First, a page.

Sandering and Little Egret have been seen in the late evenings foraging up and down the beach and Brahminy Kites are ever-present in the skies above. Pacific Reef Egret sometimes can be found near the far northern crest, where a group of fallen trees lie rotting on the beach.
There is a mangrove nature trail, located on the right side of the road, directly opposite the park substation office. While educational and enjoyable to walk through, it is rather quiet for the most part and does not offer quality sightings of many species since the mangroves are quite dense and one cannot venture off the boardwalk in order to follow a calling bird. Most commonly seen are Brown throated Sunbird, Common Tailorbird, Black capped Kingfisher, Collared Kingfisher and Little Heron. However, on occasion one will come across a flock of Pied Imperial or Green Imperial Pigeon roosting in the treetops. Mangrove Pitta and Mangrove Whistler has been heard calling at times but seeing either will take a lot of patience and luck.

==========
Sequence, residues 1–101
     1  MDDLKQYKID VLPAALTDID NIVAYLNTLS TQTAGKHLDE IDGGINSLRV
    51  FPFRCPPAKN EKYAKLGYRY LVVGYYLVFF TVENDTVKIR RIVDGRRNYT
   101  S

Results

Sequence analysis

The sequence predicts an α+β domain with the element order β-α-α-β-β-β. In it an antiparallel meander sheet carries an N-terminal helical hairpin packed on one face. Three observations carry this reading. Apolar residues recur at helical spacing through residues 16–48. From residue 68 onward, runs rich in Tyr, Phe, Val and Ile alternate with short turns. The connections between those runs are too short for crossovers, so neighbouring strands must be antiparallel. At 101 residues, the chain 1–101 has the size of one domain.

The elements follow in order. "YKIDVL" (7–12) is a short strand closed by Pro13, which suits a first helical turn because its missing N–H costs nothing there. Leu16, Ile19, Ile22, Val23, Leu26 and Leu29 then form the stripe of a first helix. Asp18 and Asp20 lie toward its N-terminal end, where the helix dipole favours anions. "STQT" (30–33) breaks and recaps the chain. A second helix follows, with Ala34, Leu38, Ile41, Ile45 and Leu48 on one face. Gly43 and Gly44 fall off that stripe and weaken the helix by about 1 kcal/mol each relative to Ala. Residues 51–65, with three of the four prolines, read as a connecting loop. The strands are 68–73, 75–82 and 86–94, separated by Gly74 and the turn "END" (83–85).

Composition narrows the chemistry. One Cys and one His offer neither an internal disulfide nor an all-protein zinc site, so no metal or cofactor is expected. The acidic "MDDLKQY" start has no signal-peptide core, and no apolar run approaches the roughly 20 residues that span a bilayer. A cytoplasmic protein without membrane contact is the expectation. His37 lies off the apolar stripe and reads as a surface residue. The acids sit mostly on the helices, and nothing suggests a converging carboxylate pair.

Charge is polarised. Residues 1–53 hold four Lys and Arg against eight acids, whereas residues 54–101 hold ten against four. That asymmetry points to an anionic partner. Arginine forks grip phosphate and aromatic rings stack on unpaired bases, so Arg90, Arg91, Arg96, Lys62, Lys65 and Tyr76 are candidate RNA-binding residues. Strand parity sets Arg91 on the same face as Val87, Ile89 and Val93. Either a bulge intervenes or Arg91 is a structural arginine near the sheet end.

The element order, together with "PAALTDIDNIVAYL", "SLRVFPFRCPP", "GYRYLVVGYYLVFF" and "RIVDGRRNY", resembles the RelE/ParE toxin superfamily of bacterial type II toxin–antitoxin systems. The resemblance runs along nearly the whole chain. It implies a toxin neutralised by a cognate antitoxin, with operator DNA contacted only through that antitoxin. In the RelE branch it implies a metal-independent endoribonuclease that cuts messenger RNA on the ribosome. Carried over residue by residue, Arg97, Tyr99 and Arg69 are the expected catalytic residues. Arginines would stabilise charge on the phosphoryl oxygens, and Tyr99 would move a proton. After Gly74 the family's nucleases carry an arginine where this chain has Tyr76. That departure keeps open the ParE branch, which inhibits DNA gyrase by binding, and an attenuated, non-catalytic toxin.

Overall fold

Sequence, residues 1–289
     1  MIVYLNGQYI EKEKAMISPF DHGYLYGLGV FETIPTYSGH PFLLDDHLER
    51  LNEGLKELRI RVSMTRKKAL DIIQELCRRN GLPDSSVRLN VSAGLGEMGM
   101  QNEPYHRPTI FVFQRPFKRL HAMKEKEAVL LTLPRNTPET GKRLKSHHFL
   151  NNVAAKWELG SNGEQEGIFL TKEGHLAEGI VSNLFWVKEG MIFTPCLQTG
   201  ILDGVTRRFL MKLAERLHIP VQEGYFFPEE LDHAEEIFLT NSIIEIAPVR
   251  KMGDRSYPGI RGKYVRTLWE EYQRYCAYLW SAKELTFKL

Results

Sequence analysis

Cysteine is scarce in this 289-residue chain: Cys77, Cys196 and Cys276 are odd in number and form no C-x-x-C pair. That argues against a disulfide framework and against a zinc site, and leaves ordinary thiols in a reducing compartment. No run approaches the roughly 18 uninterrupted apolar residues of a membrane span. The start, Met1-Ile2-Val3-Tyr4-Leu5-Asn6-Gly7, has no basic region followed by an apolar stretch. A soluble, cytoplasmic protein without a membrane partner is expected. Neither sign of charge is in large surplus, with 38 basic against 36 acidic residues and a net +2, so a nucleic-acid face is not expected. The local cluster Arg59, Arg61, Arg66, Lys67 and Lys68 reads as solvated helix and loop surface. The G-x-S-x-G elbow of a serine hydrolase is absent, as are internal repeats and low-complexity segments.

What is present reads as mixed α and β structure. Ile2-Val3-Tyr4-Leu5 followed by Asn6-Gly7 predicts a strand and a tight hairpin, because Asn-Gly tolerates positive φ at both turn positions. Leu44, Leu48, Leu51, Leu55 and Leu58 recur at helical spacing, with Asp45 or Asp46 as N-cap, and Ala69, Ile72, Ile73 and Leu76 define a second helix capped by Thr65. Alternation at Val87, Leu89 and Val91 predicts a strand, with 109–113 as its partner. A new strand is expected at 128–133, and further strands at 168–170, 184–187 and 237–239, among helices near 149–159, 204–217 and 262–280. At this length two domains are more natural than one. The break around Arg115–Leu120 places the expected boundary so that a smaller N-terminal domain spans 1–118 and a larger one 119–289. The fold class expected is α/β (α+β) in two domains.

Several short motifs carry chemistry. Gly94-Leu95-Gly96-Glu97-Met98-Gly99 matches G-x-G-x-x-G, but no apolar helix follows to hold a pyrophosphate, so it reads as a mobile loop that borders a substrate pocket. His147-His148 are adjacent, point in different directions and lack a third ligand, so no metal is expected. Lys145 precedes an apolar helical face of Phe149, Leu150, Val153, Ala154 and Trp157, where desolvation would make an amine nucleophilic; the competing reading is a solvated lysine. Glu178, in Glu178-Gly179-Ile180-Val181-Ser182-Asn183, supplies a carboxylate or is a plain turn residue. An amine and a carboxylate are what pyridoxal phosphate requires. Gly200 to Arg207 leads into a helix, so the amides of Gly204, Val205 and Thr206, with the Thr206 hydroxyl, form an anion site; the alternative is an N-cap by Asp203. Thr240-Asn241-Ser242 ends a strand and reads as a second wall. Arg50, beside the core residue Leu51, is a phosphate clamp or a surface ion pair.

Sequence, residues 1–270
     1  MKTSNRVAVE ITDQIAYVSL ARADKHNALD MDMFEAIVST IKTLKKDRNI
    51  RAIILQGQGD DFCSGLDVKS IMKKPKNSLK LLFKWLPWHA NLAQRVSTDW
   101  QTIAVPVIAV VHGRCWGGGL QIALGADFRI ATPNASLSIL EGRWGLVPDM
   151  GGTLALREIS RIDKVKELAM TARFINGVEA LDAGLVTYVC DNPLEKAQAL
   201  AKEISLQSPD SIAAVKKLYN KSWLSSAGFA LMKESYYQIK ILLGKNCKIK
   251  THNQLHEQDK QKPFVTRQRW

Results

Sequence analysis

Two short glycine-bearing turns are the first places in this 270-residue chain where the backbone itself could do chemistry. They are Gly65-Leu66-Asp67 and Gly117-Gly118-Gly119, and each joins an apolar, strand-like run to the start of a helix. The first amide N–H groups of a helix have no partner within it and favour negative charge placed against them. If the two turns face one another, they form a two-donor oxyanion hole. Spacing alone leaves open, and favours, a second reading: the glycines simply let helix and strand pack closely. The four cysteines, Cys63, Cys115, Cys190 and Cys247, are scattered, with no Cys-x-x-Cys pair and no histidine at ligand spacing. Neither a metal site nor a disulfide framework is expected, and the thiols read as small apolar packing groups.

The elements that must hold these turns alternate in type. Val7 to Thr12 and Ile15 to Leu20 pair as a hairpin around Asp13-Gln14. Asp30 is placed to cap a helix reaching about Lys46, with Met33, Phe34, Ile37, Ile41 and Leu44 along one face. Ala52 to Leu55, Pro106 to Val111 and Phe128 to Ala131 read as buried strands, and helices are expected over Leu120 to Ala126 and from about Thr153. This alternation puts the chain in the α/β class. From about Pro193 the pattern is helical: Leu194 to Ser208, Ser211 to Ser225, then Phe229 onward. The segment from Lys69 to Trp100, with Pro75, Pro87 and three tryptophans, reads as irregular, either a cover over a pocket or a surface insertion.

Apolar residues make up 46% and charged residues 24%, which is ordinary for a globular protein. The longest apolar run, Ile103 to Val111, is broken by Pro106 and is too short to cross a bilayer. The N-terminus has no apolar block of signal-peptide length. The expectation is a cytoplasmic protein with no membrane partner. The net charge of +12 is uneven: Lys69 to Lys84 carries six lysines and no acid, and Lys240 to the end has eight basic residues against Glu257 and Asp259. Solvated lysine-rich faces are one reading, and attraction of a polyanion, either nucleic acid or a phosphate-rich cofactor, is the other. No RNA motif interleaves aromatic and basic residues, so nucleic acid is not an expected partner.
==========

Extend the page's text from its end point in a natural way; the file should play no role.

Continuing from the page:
Although 98% of the time this site is very predictable and quiet for birders, there is the remaining 2% chance that on any given day something spectacular will show up. A single Christmas Island Frigatebird was spotted in flight over the beach one afternoon in September of 2001; a Lesser Adjutant was seen in flight (over what is now the tsunami memorial) one morning in June 2003, and in December of 2010 a Great Hornbill was seen along the mangrove walkway. In 2014 a Nicobar Pigeon was photographed there by a member of the Phuket Bird Photography Club.
Accommodations and Fees
Sirinat National Park offers a number of decent bungalows for rent, located in a quiet area away from the crowds on the beach. These bungalows were rebuilt after the Tsunami of 2004 and are clean, comfortable and reasonably priced. However, with so many better options (literally) down the road, I would not be surprised if most birders opt to choose a hotel which offers better facilities at a lower rate.